Antisense Oligonucleotides

Antisense oligonucleotides are chemically modified single-strand DNA molecules with a nucleotide sequence that is complementary to the target mRNA and, therefore, are capable of inhibiting expression of the target gene. Bcl-2 upregulation is thought to be responsible for maintaining the viability of tumor cells, as well as inducing a form of multidrug resistance. The bcl-2 gene is a rational target in follicular NHL because it is overexpressed in most tumors.

Oblimersen sodium (Genasense, Genta Incorporated, Berkeley Heights, NJ) is a phosphorothioate oligonucleotide consisting of 18 modified DNA bases (i.e., 18-mer) that targets the first six codons of Bcl-2 mRNA to form a DNA/RNA duplex. This agent is the first antisense molecule to be widely tested in the clinic for the treatment of human tumors.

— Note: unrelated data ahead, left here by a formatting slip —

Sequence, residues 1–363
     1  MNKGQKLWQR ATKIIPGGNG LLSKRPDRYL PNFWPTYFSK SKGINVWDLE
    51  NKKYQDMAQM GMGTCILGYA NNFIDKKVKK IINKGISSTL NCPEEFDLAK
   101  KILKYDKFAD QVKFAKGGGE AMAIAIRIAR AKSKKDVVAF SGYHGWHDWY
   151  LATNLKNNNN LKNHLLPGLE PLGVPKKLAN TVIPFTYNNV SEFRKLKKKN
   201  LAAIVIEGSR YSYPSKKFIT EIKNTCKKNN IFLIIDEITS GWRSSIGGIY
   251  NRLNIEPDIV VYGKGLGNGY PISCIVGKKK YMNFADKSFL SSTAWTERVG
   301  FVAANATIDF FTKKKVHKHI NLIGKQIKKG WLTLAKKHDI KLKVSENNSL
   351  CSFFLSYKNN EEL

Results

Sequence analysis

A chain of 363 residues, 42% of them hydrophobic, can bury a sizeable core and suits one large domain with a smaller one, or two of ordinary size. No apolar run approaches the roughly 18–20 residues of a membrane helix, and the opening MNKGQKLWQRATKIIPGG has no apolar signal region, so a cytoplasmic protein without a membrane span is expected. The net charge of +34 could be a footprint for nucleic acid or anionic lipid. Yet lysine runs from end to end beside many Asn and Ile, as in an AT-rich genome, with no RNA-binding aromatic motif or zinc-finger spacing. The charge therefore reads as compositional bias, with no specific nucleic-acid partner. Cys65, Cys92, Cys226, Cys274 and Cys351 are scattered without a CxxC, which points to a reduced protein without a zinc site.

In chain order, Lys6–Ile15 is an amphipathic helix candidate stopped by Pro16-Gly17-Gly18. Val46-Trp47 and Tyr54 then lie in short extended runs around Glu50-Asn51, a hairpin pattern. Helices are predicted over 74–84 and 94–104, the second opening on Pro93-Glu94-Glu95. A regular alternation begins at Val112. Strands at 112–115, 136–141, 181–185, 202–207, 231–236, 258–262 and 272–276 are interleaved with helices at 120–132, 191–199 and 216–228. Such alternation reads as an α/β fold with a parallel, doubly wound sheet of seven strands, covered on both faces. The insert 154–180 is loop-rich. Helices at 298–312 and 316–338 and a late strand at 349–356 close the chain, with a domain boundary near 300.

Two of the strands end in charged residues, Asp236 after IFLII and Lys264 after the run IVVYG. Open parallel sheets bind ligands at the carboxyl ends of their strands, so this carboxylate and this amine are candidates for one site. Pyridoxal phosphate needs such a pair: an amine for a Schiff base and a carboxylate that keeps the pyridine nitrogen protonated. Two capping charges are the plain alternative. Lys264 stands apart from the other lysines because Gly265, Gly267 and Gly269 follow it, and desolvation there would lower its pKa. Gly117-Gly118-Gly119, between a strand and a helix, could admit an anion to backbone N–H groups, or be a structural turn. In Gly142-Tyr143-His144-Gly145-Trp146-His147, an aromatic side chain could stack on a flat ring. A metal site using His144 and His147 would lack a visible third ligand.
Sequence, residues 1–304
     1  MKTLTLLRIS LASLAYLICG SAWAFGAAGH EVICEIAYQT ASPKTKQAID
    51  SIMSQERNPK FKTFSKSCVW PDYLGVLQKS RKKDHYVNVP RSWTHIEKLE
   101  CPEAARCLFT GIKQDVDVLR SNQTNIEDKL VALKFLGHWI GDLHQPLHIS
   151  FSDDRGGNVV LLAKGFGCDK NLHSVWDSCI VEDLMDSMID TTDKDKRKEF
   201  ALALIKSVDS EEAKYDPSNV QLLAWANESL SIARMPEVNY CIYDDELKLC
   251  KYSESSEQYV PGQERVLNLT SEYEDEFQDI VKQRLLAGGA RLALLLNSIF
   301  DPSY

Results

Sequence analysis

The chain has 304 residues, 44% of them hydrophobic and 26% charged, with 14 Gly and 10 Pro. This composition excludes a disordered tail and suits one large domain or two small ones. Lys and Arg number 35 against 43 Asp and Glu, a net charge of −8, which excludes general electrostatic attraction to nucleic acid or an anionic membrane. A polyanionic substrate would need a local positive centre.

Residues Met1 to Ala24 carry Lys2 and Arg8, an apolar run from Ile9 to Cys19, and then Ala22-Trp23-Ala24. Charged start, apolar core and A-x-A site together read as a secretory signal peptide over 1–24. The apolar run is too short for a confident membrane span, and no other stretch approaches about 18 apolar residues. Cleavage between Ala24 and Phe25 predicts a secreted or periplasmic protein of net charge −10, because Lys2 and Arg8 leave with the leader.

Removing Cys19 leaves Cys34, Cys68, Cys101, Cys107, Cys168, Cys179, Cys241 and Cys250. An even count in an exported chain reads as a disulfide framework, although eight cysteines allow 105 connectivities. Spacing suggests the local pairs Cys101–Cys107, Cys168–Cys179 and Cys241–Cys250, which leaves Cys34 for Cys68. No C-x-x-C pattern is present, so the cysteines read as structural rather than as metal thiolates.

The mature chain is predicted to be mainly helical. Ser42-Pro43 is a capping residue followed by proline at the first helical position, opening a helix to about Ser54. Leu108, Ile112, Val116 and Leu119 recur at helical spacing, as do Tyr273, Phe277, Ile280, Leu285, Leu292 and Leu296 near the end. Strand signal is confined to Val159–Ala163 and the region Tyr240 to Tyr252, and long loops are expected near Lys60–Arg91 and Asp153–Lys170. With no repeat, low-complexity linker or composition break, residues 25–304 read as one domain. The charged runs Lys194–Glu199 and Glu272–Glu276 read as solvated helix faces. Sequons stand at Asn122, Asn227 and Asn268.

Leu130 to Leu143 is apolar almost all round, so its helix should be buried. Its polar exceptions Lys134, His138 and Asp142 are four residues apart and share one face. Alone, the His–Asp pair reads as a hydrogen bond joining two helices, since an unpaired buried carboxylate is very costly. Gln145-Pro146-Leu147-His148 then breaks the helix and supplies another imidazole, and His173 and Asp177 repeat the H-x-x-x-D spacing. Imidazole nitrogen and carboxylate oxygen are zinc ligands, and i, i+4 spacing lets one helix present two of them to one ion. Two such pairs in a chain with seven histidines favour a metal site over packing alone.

In the single phase I study of oblimersen in 21 patients with NHL,94 one patient attained a complete response, which lasted unmaintained for longer than 3 years. Combinations of oblimersen with fludarabine, bortezomib, rituximab, and other agents are in development.

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